Link that to the second part of What? So What? What Next? cool

    Dave Snowden Photo

  • ABradshaw

    Session recording is here - Dave Snowden - recording

  • Singleblade

    But I'm saying you have to move beyond the qualitative. And this is something that feminists called epistemic justice [...]

    Beth, who works for me, has a wonderful way of saying it, which is classic South Wales Valleys humour. Right. She basically says, you know, old men are philosophers, old wives tale tales. And that's an example of Epistemic Injustice.

    The way you language the problem, you know, deprivileges certain people. So the key thing that matters on narrative or micro narrative is who interprets the story, not the story itself.

    [...] It seems to me the key things you have to do with athletes and everybody else is privilege them the right to interpret their own experiences, not just to tell you stories about it. And that's kinda like one of our, one of our main focuses.

  • Singleblade

    "How do we change the environment of leadership development so it is less dependent on reflection & articulation of learning, & more based on process, interaction management, & also critically physicality"?

    That's c/o Dave - who also talks of a "significant difference between coaches who come from a sports and performance background and those in the corporate coaching world" ...all en-route to a query:

    Does the sheer physicality of performance coaching pretty much forces a more trans-disciplinary (trans-contextual?) approach.

    Towards the end of the piece we get elaboration around these seven examples to illustrate a possible direction of travel:

    1. Requiring people on leadership programmes to keep daily learning journals;
    2. Cross-industry engagement as apprentices;
    3. Creating a diversity of perspectives before the leader makes decisions;
    4. The use of archetype sets and asking groups of leaders to discuss and agree on small actions;
    5. Gathering employee narratives and presenting differences for peer discussion;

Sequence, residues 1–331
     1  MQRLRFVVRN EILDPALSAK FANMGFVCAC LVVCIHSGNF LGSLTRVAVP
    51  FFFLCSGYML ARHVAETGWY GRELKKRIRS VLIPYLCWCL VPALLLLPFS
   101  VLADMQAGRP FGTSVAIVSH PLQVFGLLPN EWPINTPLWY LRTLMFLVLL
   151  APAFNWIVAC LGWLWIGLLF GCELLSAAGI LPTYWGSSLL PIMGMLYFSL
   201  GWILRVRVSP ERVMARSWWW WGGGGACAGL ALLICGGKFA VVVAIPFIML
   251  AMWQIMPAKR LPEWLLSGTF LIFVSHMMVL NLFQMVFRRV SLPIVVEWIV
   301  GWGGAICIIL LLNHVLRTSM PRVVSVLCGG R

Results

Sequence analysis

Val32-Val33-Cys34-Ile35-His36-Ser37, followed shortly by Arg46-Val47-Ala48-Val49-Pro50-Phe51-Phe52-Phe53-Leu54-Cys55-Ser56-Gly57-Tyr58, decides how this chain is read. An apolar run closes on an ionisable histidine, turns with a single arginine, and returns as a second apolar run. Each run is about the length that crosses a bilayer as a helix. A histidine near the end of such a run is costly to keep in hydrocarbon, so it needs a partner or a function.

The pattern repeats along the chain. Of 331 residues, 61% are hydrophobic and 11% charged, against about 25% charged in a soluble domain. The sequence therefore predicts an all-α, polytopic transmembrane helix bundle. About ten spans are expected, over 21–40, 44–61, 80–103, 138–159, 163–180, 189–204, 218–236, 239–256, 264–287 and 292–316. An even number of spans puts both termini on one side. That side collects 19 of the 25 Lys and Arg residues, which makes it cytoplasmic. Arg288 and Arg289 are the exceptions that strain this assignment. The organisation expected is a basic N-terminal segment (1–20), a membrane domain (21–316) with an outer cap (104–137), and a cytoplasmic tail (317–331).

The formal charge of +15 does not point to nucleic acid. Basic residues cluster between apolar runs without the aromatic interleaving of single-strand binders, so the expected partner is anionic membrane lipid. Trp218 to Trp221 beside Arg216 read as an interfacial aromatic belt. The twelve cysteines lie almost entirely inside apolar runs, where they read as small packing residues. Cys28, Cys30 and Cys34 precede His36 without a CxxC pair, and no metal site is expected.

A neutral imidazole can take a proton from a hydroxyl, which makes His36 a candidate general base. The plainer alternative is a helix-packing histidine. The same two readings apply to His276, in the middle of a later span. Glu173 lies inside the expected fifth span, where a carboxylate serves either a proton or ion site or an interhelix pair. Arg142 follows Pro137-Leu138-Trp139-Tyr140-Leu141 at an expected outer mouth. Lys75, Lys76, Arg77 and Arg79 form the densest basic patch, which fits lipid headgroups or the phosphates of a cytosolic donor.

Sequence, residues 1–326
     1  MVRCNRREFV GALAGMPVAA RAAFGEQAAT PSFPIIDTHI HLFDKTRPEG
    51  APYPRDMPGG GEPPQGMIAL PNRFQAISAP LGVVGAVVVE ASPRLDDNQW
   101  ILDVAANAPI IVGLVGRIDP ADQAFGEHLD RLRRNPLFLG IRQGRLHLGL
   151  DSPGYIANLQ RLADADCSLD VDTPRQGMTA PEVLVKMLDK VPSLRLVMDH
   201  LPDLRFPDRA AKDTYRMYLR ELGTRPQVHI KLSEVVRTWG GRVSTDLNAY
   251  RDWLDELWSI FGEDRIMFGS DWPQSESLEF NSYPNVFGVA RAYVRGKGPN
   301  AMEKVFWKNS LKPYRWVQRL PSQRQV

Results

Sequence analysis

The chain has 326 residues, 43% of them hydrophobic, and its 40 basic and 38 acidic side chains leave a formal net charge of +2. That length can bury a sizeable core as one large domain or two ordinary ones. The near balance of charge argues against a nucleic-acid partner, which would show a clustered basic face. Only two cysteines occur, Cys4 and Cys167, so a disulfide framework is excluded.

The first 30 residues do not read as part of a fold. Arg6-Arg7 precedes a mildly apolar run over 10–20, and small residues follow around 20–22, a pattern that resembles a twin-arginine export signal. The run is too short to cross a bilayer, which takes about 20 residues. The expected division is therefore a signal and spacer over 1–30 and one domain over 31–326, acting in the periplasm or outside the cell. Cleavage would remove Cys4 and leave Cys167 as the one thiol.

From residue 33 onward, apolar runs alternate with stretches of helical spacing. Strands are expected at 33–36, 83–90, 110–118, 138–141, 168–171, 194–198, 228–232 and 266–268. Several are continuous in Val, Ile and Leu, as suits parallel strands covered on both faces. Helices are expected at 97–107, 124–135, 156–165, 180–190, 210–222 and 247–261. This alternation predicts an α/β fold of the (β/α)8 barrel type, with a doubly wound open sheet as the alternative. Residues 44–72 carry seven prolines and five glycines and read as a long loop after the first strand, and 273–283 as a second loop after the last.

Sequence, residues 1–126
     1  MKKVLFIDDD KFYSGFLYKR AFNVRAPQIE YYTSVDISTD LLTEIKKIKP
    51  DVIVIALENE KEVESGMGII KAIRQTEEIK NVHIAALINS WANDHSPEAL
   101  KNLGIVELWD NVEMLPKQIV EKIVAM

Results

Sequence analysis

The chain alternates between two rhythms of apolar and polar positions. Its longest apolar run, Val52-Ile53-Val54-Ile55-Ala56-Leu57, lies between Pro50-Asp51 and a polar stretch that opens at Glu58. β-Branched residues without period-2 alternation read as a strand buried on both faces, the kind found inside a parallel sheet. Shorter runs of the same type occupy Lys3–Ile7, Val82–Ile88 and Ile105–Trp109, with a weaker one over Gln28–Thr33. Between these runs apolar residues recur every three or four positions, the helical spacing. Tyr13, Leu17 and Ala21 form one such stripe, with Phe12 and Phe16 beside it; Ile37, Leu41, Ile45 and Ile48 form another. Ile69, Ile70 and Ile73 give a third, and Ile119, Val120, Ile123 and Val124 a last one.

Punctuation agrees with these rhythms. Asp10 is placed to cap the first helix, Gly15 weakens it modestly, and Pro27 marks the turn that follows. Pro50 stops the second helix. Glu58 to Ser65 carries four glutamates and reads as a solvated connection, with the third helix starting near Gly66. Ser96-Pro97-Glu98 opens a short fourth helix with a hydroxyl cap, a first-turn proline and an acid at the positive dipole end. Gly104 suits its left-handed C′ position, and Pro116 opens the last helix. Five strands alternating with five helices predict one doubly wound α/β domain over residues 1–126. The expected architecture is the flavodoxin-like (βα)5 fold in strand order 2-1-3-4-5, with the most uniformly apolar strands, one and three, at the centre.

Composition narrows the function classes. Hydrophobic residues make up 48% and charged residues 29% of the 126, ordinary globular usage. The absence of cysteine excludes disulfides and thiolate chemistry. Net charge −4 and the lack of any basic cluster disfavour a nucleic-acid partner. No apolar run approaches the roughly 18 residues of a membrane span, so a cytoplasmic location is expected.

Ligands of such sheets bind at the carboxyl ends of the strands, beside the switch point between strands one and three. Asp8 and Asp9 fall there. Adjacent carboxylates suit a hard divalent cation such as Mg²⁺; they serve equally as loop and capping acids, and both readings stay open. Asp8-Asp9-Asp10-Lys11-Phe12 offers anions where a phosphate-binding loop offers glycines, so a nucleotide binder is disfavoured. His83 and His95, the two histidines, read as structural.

6. Use of naive interviewing and shadowing with the naive agent diarising their experience;
    7. Anthro-simulation using metaphor in a game based environment;

    Lots more beyond that: enjoy :point_down:


  • Singleblade

    Mike Haber has written a delightful little blog on Complexity, Hard Hats and BMX. It revolves around training & preparation for high-stakes moments in a high performance world.

    It comes complete with a few quite remarkable Youtube clips. I'll add teaser content here cool

    We could call this blog "Myth, Ritual & the BMX World" as it's about "where complexity science shows up in real life, & how we can deliberately and intuitively approach problems with different methods to get the outcome we want" - and it's explicitly tied into what he's learnt about Cynefin through Cognitive Edge "Basecamp" Training! 

    The content should speak particularly to those with an Ecological Dynamics background...

    "Riding bikes give you a way of seeing & acting in our environment in creative ways. Always looking to progress and push skills & boundaries. Skateboarders will know this feeling too. You never see a city the same again" 


    In BMX there is a ever moving boundary of things that have been done. Not only by you, but by anyone. Once you know something has been done it opens possibilities [...] Just knowing someone has done something similar changes what you think can be done

    "...people employing security guards to do their job are thinking they are setting up governing constraints. But often these become enabling constraints, creating the pressure & opportunity to get things done" & "stuff gets done when security turn up

    Take an environment that rewards progression: "doing things you couldn’t do yesterday, doing things that no-one had considered doing at this place, doing things no one else had done, and doing things no one else had even thought of" - words for coach developers to reflect upon?

Page 1 of 1 (10 items)